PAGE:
Nearly 600,000 children at risk of death
... from hunger in war zones
A startling new report from Save the Children states that an estimated 590,000 children in war-zones will die from malnutrition as they are expected to not receive treatment. Save the Children hypothesized that there are 4.5 million children under the age of 5 that need treatment for life-threatening malnutrition in some of the most war-torn regions in the world.
More than half a million will die this year, not because there aren’t the means to help them, it’s because war is more profitable than helping sick children. There are charities who would like nothing more but to help these children but the conflict zones they live in are too dangerous for aid workers to deliver treatment.
Save the Children also reports that 35,000 children could die in Yemen this year due to both sides of the conflict obstructing aid deliveries. The United States and the United Kingdom who back the Saudi-led Coalition are directly responsible if not, complicit in pushing Yemen, one of the poorest nations in the world, into all-out famine.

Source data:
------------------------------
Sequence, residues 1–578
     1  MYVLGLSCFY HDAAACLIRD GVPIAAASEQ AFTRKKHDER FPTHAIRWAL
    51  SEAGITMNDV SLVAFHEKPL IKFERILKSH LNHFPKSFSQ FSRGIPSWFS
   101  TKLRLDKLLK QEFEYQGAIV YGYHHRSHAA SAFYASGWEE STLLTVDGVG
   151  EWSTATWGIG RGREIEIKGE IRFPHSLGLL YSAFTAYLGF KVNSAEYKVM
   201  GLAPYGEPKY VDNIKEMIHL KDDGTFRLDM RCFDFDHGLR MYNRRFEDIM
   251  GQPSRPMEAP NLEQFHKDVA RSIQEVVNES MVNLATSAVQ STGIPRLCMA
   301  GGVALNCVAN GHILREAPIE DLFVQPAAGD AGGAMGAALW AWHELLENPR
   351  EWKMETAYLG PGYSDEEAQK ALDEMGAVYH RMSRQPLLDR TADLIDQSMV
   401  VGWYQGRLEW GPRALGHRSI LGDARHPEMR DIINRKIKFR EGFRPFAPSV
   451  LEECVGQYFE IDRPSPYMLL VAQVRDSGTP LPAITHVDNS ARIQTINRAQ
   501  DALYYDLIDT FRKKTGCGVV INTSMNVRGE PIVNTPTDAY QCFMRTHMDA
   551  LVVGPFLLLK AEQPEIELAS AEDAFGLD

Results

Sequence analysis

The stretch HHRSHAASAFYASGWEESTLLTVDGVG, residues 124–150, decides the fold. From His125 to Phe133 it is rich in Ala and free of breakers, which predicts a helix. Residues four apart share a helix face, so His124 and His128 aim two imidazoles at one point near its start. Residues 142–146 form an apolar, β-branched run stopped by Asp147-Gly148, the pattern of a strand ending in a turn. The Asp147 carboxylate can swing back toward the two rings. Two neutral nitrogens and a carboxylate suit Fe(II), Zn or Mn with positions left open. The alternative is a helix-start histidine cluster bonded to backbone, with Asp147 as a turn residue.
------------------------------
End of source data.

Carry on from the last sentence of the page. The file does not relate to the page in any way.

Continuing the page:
“Using starvation as a weapon of war has become the new normal, with devastating consequences for children. From Yemen to South Sudan, the failure to protect children from hunger is putting lives at risk” Kevin Watkins CEO of Save the Children stated.
The Democratic Republic of Congo has long been the scene of devastating conflicts and one of the world’s worst armed conflict. Aid programs with he United Nations in the area say they only receive 10% of the funding they need to properly treat the sick and injured. In 2016 there were a reported 300,000 untreated children resulting in 60,000 preventable deaths. After to years of sustained action from aid groups like Save the Children, they dropped the number of untreated children from 300,000 to 12,000, sadly it is expected that without treatment 2,000 of these children will die.
The report from Save the Children also states that in these war-torn regions 2 in 3 infants with life-threatening malnutrition are set to go untreated. There are 4.5 million children severely malnourished children in dire need in war-torn regions two in three of these children are expected to not receive treatment and 590,000 of them may die as a result, “that’s an average of 1,600 children under the age of five dying from extreme hunger every day, or one child every minute” according to Save the Children.